Although many institutions that have offered CGAs to donors are concerned about the natural extension of life expectancy, or that a large number of female CGA donors could offset the life expectancy experience–increased longevity has not been the major factor of CGA failures.
Earnings on investments have had a greater adverse effect on the profitability of CGAs for non-profit institutions. Nine years ago, the recommended payout rate for a single 75-year-old annuitant was 7.1%. The suggested rate for an annuitant age-75 since 2012 has been 5.8%, thus a charitable organization issuing an annuity in 2007 would have been paying 22.4% more than issuing the annuity five years later to an age-75 annuitant. In determining suggested rates, earnings were assumed to have decreased by 17.6% (some would suggest conservative investments have diminished even further).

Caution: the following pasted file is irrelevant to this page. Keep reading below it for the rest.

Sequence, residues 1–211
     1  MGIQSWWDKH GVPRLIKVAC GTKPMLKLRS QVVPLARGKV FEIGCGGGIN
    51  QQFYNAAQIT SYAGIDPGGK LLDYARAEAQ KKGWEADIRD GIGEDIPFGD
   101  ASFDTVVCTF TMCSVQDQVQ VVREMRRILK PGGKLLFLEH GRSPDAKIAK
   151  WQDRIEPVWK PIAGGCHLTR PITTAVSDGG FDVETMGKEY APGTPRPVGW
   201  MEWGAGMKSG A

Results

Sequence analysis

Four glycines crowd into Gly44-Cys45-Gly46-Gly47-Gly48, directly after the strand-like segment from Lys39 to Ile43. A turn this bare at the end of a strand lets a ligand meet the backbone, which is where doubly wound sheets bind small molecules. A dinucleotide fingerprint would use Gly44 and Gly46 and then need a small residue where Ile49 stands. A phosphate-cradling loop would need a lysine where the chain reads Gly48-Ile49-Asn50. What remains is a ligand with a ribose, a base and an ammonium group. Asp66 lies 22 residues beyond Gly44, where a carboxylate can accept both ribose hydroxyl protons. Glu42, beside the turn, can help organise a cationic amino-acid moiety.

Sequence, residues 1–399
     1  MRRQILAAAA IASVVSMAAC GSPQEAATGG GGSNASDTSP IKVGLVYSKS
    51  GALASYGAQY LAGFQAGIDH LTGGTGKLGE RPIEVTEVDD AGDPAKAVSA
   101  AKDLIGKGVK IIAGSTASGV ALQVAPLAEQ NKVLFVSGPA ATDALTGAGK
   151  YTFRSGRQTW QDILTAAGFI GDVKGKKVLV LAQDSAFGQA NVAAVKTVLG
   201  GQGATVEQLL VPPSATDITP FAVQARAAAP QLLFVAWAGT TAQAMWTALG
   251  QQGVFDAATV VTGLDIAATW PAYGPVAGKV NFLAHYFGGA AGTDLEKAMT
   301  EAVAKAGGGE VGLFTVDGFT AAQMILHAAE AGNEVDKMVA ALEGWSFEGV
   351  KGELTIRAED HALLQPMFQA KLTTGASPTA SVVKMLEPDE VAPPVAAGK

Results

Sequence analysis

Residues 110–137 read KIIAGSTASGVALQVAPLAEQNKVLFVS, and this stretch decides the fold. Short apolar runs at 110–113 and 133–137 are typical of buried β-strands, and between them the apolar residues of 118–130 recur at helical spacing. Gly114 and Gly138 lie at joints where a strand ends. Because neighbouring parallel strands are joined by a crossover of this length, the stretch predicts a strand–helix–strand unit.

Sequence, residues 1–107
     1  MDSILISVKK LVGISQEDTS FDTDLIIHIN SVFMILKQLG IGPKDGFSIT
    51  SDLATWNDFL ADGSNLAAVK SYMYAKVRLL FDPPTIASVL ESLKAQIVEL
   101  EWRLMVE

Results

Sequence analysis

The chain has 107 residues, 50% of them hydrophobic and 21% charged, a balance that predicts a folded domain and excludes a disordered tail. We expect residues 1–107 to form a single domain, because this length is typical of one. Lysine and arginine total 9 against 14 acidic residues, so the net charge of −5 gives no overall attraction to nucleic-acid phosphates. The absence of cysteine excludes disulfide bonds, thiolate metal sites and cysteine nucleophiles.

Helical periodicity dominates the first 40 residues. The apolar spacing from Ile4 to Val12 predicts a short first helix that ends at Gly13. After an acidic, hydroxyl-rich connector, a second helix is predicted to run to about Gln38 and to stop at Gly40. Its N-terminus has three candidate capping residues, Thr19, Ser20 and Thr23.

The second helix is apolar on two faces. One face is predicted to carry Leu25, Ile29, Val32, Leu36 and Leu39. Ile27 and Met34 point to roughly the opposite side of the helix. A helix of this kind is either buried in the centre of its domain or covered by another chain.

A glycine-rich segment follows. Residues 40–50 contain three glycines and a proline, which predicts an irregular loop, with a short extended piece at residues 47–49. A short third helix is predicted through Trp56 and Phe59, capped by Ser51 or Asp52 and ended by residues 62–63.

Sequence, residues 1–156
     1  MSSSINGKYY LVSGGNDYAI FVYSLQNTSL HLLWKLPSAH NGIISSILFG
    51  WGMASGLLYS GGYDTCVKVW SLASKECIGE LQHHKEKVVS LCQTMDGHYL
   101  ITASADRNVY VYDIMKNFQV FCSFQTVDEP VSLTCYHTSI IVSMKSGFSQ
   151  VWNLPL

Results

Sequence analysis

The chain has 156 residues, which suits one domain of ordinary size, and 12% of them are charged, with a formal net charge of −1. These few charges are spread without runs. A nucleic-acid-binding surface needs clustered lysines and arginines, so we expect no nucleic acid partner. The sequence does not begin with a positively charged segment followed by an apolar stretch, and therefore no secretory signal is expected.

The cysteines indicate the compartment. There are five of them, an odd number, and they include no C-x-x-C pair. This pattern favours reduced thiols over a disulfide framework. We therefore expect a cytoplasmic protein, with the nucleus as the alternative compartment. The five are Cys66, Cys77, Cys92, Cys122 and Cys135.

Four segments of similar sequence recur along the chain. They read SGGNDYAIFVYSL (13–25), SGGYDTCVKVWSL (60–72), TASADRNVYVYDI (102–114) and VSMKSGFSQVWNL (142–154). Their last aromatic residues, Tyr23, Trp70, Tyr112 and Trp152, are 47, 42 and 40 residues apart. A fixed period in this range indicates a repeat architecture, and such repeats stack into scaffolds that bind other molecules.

The issuer of the annuity has a fixed annual payout to the donor made when earnings expectancy was higher. Is this a risk that is appropriate for a non-profit institution?
The only safe method for charities using CGAs is to re-insure the obligation with a highly-rated insurance company.
1. Eliminate investment risk
2. Eliminate mortality risk
3. Obtain profit up front
4. Reduce administrative costs